Joyful Souls to share stage with Black Mambazo


Blantyre-based accapella group Joyful Souls will share the stage with South Africa’s iconic group Ladysmith Black Mambazo during a concert to be held on August 29 at Bingu International Conference Centre in Lilongwe.

The organisers Qoncept Creatives confirmed in a press statement that Joyful Souls have been brought on board to give a chance to them to expose their talent.

The firm’s Creative Director Q Malewezi said Joyful Souls was selected because they are a well known local accapella group.


The firm has built its strong reputation on the ground as it has brought into the country several international acts including Uganda’s female stand-up comedian Anne Kansiime.

Malewezi said they want to do more in the creative industry and that bringing Black Mambazo is part of giving people a chance to watch one of the top groups.

Ladysmith Black Mambazo was formed in the early 1960s and carved a truly unique soulful African sound.


From the time of its founding, Ladysmith Black Mambazo has maintained the philosophy of being as much about preservation of musical heritage as it is about entertainment.

“As usual the doors will open early during the show and Malawians should anticipate nothing but the best on the day. This will be a night to remember,” said Malewezi.

Over the years, Ladysmith Black Mambazo has received numerous accolades including two Grammy Awards, nominated for two other Grammys, as well as received an Academy Award nomination.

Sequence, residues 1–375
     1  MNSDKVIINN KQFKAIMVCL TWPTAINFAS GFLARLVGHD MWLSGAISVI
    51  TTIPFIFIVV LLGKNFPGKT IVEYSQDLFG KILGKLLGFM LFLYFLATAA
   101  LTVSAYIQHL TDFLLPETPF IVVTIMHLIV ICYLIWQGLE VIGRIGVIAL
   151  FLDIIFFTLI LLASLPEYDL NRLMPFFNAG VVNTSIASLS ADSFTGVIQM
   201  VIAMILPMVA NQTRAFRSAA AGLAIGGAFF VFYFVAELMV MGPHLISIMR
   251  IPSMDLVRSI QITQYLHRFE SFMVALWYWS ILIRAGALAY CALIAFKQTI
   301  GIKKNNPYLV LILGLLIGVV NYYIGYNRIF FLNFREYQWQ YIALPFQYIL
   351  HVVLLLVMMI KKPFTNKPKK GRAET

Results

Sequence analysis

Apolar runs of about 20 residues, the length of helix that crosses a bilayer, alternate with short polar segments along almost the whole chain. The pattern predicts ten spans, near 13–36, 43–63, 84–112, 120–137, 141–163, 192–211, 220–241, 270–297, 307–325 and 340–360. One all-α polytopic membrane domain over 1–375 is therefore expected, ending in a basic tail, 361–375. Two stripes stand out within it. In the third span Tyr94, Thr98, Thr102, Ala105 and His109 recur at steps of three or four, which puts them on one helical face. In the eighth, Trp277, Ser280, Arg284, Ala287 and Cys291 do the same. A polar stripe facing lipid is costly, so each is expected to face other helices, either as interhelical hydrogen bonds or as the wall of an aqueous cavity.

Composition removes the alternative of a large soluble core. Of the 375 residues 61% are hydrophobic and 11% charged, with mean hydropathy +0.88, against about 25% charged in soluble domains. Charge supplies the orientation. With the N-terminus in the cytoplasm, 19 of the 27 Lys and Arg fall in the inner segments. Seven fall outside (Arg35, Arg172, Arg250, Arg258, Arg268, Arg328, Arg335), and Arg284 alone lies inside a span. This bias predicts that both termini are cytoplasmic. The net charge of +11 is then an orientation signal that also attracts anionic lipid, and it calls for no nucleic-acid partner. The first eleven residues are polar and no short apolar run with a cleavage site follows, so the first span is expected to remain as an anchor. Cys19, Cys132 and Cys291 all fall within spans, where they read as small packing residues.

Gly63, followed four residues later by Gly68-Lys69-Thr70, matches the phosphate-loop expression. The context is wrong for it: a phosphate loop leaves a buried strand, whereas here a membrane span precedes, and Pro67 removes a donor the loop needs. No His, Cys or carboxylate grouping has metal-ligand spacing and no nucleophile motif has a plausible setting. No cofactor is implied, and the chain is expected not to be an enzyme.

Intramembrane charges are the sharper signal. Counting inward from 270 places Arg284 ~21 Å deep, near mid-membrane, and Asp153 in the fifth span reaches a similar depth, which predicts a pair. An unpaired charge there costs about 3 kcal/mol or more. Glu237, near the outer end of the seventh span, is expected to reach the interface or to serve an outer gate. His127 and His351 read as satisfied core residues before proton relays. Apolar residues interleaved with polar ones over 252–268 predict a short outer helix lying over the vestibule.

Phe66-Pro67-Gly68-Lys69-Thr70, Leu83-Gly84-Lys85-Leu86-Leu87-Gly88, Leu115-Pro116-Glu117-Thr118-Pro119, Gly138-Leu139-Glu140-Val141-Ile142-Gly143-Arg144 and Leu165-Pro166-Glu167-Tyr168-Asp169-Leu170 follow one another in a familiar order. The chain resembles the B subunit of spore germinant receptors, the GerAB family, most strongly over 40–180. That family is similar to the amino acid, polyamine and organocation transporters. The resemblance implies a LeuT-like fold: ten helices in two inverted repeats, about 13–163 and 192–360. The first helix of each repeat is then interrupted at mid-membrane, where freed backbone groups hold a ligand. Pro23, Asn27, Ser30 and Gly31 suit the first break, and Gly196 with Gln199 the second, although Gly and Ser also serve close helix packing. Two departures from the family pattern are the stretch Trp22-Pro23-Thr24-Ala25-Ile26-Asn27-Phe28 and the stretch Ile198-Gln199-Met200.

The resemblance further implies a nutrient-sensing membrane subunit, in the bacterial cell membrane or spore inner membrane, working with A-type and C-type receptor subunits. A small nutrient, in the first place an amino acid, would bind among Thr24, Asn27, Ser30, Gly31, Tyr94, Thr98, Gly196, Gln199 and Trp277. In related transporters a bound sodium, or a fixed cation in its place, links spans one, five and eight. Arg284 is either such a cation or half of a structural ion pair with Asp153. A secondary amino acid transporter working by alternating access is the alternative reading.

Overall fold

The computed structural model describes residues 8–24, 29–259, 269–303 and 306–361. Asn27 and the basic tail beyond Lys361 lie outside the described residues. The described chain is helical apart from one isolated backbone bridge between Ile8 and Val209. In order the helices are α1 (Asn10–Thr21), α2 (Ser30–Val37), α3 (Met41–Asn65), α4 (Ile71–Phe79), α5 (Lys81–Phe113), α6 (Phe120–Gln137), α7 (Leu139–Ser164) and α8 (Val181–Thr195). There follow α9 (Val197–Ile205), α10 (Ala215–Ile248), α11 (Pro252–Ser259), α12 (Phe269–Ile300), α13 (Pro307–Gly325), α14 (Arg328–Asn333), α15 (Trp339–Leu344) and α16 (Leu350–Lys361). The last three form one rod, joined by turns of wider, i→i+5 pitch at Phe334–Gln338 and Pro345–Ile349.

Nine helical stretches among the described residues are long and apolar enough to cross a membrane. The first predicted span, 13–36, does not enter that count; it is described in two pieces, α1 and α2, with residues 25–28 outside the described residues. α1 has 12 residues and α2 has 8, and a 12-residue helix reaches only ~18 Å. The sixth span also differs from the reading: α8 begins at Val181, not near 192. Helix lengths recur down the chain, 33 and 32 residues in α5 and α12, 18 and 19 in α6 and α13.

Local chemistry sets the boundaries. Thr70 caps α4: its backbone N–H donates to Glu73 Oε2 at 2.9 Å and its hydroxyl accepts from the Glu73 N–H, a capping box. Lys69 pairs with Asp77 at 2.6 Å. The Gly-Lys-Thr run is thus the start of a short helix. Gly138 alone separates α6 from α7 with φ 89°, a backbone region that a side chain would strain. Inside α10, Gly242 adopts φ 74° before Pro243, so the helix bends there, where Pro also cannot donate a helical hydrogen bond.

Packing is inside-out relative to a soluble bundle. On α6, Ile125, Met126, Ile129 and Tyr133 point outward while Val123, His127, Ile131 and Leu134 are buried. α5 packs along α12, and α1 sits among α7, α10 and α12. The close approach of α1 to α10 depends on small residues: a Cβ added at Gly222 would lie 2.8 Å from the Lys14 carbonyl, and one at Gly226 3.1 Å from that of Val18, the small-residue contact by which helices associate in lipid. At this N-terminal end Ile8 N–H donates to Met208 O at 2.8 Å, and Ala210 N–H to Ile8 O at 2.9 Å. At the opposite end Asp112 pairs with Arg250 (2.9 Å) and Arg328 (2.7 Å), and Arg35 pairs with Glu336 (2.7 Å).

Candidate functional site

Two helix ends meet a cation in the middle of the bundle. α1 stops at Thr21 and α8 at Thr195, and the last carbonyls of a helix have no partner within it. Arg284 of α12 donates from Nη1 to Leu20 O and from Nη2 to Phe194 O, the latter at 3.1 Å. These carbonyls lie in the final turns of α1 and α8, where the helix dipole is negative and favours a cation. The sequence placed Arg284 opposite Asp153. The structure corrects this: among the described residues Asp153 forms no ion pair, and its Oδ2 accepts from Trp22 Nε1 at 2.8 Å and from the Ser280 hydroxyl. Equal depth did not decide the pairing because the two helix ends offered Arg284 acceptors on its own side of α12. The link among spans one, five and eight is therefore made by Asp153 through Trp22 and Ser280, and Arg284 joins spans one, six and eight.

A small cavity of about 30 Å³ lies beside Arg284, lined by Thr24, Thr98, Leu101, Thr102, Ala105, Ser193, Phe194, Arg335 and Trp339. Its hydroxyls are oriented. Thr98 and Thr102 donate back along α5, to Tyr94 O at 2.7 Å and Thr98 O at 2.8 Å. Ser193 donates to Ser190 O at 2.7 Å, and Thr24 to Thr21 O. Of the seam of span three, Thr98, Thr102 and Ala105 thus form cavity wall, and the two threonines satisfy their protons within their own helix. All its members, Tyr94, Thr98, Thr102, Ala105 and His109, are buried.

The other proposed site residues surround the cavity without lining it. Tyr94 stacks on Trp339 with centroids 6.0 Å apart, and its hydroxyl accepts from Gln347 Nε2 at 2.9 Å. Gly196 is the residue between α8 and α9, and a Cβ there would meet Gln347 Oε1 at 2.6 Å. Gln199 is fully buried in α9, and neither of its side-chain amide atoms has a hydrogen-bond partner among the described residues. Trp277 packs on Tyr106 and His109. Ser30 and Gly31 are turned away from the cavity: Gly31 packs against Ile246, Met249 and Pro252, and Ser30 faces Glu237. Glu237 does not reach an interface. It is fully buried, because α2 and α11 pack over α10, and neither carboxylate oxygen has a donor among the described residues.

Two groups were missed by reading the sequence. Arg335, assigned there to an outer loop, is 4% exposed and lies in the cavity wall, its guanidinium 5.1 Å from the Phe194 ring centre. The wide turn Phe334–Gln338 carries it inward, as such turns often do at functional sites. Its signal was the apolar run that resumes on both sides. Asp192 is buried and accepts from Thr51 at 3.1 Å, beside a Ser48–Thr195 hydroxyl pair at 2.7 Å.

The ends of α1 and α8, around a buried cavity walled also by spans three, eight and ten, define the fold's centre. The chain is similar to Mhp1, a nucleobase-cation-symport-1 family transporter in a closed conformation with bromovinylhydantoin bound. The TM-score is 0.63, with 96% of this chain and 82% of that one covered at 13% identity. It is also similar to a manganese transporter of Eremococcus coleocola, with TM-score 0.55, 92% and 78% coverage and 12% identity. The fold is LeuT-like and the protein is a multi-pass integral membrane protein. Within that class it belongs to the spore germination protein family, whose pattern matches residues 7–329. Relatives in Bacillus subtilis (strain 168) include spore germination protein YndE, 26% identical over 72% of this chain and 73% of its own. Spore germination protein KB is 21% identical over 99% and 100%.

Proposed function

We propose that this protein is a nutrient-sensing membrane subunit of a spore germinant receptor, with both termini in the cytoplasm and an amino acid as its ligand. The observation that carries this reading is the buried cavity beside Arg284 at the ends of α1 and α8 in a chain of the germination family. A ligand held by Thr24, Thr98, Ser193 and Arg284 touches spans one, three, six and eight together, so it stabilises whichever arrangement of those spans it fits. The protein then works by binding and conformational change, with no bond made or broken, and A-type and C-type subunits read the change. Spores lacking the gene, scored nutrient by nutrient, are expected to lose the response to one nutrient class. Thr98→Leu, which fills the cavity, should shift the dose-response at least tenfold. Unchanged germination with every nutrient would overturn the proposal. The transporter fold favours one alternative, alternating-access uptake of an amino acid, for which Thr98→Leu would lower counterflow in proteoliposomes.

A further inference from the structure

According to available information, the group’s music credits span decades with a discography of over 50 albums.

Their influence has led to their contributing soundtrack material for a number of films including The Lion King Part II, Coming to America, Marlon Brando’s A Dry White Season, The League of Extraordinary Gentlemen, Cry The Beloved Country and Invictus.

The group has also worked with a number of artists notably, Paul Simon with whom Ladysmith Black Mambazo recorded his timeless Graceland album in the mid 1980s and then later, their first worldwide release, Shaka Zulu that earned them their first Grammy in 1988 for Best Folk Recording.

Other artists that Ladysmith Black Mambazo has worked with include Michael Jackson, Stevie Wonder, Dolly Parton, Sarah McLachlan, Josh Groban, Emmylou Harris, Melissa Etheridge among many others including recently with African legend, Salif Keita with whom they recorded a song, ‘United We Stand,’ in response to the recent xenophobic attacks in their home country, South Africa.

Malewezi said people should buy the tickets for the show which are available for sale at K15,000 for Standard and K25,000 for VIP.

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